|SANO Masaki||RIHN Senior Project Researcher|
|Project Researchers at RIHN|
|KAMATANI Kaoru||Project Researcher|
|ITO Keisuke||Project Researcher|
|TSUSHIMA Akane||Project Researcher|
|TESHIMA Mika||Project Research Associate|
|LI Zhen||Project Research Associate|
|Main Project Members|
|WAKABAYASHI Kunihiko||Doshisha University|
|HIGAMI Noboru||Aichi Prefectural Center for Archaeological Operations|
|TAMURA Noriyoshi||Beppu University|
|MIZUNO Shoji||The University of Shiga Prefecture|
|SATO Daisuke||Tohoku University|
|WATANABE Koichi||National Institute of Japanese Literature|
|YASUE Koh||Shinshu University|
|ABE Osamu||Nagoya University|
|YOSHIMURA Kei||The University of Tokyo|
When global warming causes many difficulties in our society, how can we adapt to the change? Remarkable recent progress in palaeoclimatology has elucidated the fact that large climate variations often underlay epochs of human history. How did our ancestors address such change in the past? Human history must include many examples from which we can extract common lessons relevant to contemporary global environmental change. The research target of this project is Japanese history from the prehistorical Jomon era to the present. First, we reconstruct past climate variations in Japan and Asia at annual or seasonal time resolutions for the last several millennia, using up-to-date palaeoclimatological methods to identify outstanding periods of climate variations. Then we use historical and archaeological approaches to investigate how local societies reacted to climate variation in order to clarify common sociocultural characteristics of societies that are tolerant or vulnerable to changes in climate.
In this project, past climate variations are reconstructed based on various proxies, such as tree rings (Photo 1, 3 and 4), historical weather records (Photo 2), lake and marine sediments, coral rings and speleothem, and compared with human responses recorded in historical documents and archaeological archives. There are three reasons why we have chosen Japan as the main research area in this project. First, Japan is located at northeastern rim of the Asian summer monsoon, where small changes in monsoon dynamics might have significantly affected rice paddy cultivation on which Japanese sustenance has historically depended. Second, due to the historically high literacy rate and long-lasting family system in Japan, innumerable historical documents dating back to the 8th century are preserved in both private and governmental sectors. Third, rapid land developments during last several decades have allowed for precise archaeological excavations at numerous sites all over Japan. In addition, a palaeoclimatological tool (tree-ring cellulose oxygen isotope ratio) particularly useful in the Asian monsoon region has recently been developed to reconstruct summer precipitation on which rice paddy cultivation in Japan depends and provides archaeologists with a reliable tool for annual resolved dating of numerous excavated woods.▲PAGE TOP
Figure 1 Normalized variations in Nokoridaka (estimated rice yields) of yearly tax accounts averaged among three villages around Lake Biwa and the tree-ring cellulose oxygen isotope ratios in central Japan during the18th century. This data demonstrates that flooding was the largest factor damaging rice yields in the area at this time.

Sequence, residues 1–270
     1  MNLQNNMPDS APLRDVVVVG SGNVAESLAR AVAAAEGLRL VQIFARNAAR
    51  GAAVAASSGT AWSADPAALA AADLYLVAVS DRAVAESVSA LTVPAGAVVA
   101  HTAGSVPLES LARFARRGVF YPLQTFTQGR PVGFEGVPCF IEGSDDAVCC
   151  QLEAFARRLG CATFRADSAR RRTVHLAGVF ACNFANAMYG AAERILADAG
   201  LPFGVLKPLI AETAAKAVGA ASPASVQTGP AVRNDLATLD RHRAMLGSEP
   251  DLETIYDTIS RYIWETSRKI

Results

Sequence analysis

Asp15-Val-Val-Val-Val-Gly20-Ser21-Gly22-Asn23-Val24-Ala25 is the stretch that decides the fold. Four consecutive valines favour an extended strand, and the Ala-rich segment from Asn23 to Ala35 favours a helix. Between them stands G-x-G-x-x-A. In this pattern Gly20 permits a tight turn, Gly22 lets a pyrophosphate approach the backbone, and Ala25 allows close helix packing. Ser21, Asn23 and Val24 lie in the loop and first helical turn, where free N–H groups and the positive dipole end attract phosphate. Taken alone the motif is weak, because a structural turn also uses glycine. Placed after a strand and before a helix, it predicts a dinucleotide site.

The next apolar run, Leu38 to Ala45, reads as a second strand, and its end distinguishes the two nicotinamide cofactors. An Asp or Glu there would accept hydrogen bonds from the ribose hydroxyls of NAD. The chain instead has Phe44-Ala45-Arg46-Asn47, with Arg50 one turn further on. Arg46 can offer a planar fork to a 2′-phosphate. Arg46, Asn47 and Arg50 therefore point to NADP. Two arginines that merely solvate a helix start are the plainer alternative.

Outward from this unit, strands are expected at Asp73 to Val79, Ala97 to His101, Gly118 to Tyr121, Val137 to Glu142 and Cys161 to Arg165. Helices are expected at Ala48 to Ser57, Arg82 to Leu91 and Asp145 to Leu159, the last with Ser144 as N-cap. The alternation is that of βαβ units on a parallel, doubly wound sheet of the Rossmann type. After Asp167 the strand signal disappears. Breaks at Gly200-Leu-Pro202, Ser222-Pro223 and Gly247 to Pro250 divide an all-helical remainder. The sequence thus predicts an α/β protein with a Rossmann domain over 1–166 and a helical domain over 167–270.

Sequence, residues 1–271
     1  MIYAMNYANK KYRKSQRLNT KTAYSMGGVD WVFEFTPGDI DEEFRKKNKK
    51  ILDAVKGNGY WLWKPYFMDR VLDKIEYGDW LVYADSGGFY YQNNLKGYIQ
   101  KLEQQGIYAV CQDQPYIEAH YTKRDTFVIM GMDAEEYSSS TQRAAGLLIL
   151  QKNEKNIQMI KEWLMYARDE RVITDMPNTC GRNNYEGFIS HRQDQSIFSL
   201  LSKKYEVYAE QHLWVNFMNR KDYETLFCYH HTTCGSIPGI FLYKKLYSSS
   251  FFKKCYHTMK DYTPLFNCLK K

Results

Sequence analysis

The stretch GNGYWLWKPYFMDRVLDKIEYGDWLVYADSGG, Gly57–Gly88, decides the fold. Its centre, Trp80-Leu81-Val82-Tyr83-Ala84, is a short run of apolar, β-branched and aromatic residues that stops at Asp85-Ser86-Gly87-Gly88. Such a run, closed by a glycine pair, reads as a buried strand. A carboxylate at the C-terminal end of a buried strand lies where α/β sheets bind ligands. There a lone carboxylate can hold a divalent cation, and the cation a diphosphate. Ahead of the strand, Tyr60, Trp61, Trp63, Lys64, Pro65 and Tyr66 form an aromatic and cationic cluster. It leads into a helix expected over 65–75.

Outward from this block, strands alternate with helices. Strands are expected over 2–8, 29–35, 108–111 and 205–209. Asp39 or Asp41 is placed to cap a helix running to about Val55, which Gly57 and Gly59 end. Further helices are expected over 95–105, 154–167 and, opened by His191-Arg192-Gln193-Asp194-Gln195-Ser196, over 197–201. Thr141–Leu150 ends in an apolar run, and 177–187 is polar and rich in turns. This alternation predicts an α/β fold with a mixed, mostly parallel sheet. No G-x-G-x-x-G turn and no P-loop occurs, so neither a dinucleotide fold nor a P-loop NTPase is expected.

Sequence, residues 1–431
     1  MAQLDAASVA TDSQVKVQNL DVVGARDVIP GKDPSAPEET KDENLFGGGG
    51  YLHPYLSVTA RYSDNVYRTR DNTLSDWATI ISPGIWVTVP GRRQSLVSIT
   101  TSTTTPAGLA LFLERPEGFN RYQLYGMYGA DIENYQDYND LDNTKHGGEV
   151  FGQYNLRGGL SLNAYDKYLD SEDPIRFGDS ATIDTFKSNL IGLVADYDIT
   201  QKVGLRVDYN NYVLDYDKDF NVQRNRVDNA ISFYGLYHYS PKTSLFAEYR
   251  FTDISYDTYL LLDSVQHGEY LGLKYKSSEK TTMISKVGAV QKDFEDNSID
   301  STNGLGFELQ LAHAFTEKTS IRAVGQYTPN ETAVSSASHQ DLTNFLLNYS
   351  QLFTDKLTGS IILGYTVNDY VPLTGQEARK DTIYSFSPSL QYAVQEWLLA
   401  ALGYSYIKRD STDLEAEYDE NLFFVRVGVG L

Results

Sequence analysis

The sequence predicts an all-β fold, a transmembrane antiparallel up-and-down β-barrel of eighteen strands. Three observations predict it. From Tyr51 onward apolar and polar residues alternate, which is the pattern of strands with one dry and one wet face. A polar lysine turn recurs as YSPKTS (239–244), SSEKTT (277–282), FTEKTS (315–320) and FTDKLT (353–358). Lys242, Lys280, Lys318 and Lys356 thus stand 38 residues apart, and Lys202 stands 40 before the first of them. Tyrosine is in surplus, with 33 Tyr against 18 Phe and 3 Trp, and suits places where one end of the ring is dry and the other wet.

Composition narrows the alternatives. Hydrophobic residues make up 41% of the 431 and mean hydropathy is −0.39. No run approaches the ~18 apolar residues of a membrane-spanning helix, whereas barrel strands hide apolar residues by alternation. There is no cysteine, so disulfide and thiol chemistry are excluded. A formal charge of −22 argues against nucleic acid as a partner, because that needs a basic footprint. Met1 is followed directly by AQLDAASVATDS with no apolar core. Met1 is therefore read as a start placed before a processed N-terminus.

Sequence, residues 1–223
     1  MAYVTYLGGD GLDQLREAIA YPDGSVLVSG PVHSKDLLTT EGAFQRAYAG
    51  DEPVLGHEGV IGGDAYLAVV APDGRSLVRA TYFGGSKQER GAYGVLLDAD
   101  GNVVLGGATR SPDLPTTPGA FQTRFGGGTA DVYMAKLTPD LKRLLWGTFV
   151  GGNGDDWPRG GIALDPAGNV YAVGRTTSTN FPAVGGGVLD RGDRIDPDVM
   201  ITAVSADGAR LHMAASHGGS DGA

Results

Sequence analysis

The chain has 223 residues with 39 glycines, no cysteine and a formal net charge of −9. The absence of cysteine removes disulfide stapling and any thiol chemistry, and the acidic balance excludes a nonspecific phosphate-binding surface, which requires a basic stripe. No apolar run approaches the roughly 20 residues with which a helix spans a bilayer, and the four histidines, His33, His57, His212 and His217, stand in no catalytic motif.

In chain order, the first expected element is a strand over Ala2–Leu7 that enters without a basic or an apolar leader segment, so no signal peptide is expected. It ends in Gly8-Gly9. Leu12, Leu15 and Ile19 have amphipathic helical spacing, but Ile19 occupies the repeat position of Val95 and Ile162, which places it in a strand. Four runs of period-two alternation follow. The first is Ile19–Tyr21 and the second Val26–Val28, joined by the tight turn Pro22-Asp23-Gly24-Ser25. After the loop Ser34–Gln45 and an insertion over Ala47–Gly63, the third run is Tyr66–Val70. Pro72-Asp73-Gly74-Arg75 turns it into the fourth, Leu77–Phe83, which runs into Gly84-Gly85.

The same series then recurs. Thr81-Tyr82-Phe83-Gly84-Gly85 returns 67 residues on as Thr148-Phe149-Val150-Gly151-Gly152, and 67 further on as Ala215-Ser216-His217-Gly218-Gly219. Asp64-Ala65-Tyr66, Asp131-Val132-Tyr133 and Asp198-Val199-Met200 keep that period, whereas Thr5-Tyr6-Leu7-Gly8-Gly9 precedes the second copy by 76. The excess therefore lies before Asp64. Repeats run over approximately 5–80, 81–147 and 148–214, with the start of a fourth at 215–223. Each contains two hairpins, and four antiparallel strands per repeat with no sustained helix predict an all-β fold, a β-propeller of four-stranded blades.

Figure 2 Variations in East Asia summer temperature and annual numbers of famine reports in Japan during the 10-16th centuries.
So far, we have been using many tree-ring samples from around Japan in order to analyze tree-ring oxygen isotope ratios during the last 4.3 thousand years in annual time resolution. Besides, we have collected many tree-ring width datasets all over Asia in the framework of an international palaeo-climatological project (PAGES) and reconstructed inter-annual variations of averaged summer temperature in East Asia. Comparison of annual records of past climate with paleographic information such as yearly tax accounts in early modern villages (Fig. 1) and administrative documents on water control in medieval manors, as well as archaeological information on prehistorical and ancient societies excavated from farmland and habitat remains, coupled with the newest isotopic dendrochronological data allow us to investigate how variations in temperature or precipitation influenced agricultural production, human livelihoods, and water management. Figure 2 illustrates that, with the exception of the 14th century, multi-decadal (20-50 year) summer temperature variability might have often underlain major famines during the medieval upheaval period in Japan. Using various historical documents and archaeological archives, we are now investigating how people in the Jomon to Early Modern eras reacted to those large climate fluctuations.
As our concerns about on-going global warming are clearly illustrating, large climate variations in the past might have had serious impacts on our ancestors. However, some past societies continued making efforts to overcome the influence of climate variations, while other societies collapsed at once due to abrupt climate variations. For example, there were many volunteers in Early Modern Japan who tried to rescue people from starvation by anticipating famine due to cold weather. They sometime succeeded but often failed to do so. Their actual roles in history give us various insights on our present lifestyles and strategies against global environmental problems. Therefore, the final goal of this project is to construct our fundamental adaptation strategies in relation to global environmental problems by conducting detailed examinations and comparisons of past struggles against climate variations beyond ages and regions.▲PAGE TOP